As we have found throughout our project to tell the stories of deaf and disabled people across eight centuries of history, people’s individual names, lives and personal testimonies can easily get lost; it can also take quite a lot of archival digging to find images.
Therefore we were delighted when Pam Friend got in touch as part of her own quest to find out more about the lives of her great-grandparents, Ellen Elizabeth Fitch (often known as Lilly) and William Rossiter, who were both deaf. Pamela is trying to find out which parts of the few facts passed down to her about her great-grandparents are accurate – and in particular whether one or both attended the Royal School for Deaf Children in Margate. She has a handful of evocative photographs which show her great-grandparents.
Ellen and William
Ellen Elizabeth Fitch was born in Peckham in 1899, and probably entered the Royal School for Deaf Children in Margate. The family believe this picture and the one at the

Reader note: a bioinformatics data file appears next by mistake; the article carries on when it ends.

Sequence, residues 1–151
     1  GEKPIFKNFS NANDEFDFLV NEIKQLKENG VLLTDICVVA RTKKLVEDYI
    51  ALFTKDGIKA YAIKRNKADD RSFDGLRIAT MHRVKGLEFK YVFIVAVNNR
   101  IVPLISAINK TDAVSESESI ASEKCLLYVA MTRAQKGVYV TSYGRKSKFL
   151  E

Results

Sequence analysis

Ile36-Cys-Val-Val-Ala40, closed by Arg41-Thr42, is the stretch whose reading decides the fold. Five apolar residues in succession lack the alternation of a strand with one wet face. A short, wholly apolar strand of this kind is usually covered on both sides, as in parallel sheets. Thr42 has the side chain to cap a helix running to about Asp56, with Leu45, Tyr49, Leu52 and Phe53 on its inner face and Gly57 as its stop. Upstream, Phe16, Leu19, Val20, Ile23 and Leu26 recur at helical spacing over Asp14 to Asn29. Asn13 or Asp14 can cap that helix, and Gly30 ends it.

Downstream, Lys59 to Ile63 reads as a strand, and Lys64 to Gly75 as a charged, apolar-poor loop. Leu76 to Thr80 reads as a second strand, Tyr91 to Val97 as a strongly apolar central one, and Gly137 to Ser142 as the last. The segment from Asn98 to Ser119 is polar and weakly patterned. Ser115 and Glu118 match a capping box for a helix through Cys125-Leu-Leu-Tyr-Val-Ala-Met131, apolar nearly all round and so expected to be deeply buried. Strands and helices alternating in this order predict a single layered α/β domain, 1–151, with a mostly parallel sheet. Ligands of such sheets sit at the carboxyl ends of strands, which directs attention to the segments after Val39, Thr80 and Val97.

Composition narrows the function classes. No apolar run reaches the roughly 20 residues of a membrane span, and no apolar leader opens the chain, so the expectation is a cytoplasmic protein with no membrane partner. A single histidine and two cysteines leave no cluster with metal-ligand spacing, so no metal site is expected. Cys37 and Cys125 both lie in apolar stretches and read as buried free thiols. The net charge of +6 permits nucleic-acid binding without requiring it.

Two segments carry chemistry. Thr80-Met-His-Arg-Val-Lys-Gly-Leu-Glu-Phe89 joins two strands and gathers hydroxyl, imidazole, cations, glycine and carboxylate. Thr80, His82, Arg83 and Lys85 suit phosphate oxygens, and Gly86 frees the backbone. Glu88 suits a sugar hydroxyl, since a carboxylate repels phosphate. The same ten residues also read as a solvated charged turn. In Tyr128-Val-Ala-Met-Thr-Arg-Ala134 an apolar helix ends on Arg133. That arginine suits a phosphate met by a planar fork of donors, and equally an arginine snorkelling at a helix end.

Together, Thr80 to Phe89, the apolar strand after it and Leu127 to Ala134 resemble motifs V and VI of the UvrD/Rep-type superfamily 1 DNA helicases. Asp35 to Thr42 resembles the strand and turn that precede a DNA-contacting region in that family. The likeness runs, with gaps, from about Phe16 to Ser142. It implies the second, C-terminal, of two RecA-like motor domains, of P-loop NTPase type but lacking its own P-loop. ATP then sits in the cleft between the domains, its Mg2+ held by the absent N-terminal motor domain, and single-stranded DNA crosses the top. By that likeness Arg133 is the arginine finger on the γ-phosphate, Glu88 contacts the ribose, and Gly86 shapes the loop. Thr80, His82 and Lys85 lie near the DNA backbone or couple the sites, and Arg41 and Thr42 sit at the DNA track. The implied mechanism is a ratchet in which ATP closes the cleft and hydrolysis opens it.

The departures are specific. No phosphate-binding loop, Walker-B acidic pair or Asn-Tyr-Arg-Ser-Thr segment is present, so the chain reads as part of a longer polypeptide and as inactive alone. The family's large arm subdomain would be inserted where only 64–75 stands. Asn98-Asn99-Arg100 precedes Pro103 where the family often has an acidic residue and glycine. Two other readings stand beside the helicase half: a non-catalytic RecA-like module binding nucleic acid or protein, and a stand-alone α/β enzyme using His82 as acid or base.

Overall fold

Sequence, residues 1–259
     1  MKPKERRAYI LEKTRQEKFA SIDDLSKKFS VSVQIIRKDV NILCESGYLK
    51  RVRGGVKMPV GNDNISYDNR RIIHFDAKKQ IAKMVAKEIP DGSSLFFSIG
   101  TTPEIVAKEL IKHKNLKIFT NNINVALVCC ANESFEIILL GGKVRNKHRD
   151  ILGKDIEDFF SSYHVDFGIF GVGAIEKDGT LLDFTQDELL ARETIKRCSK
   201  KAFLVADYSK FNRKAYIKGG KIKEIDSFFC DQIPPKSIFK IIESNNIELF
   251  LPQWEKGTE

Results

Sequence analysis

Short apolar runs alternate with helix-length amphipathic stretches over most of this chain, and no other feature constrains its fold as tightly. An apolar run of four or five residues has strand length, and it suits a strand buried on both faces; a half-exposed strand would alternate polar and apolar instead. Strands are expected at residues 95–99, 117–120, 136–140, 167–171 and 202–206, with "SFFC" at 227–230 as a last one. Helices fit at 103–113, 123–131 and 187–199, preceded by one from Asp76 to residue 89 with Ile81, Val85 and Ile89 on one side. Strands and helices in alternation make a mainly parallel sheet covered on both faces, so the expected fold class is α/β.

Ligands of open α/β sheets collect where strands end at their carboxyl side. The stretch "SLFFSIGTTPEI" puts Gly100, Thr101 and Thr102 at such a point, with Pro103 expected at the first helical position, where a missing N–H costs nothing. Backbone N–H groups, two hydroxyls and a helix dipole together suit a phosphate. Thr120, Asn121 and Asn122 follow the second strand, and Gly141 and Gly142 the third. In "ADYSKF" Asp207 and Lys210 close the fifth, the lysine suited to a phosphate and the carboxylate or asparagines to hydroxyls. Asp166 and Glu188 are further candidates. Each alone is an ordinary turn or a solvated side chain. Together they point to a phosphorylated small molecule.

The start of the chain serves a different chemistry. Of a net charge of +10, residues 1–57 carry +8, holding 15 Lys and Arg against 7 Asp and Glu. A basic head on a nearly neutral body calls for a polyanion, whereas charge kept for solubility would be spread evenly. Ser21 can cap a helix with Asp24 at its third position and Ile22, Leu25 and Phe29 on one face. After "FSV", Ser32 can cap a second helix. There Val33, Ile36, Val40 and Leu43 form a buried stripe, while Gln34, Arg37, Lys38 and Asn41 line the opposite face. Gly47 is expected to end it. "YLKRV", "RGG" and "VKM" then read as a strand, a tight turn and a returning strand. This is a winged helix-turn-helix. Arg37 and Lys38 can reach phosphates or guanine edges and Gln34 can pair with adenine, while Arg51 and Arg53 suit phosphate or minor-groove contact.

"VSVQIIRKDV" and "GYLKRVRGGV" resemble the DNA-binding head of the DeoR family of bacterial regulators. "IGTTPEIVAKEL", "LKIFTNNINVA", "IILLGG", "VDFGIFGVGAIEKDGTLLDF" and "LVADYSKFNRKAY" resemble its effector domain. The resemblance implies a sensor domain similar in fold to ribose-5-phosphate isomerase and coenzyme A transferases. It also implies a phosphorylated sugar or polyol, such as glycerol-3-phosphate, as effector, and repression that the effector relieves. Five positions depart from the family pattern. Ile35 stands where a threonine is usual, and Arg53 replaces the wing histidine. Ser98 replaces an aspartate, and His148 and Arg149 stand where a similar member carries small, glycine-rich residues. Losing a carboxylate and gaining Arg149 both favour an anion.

top show a group of girls from the school. (It is possible that the ‘dresses’ at the top are actually made of paper, as fancy dress.) She may have met her husband William Rossiter at the school, but Pamela is a bit sceptical of this, given the nine year age gap. However, William may also have attended the school after becoming deaf aged around 10.
We know that they married at Nunhead Church in Surrey in May 1920. Other than this, Pam says “I know Great Grandad owned a lot of land in the Deal area but really don’t know how they met or how they made their living but they seemed to do well anyway!! ”
Pam also mentions that the couple had two children, and that her great-grandfather had Gypsy ancestry: beyond that, she has drawn a blank. We would love to hear ideas from #twitterstorians, archivists and anyone interested in the places, the period – or the lives of deaf people in history. Can we build on these photographs and find out more about their story?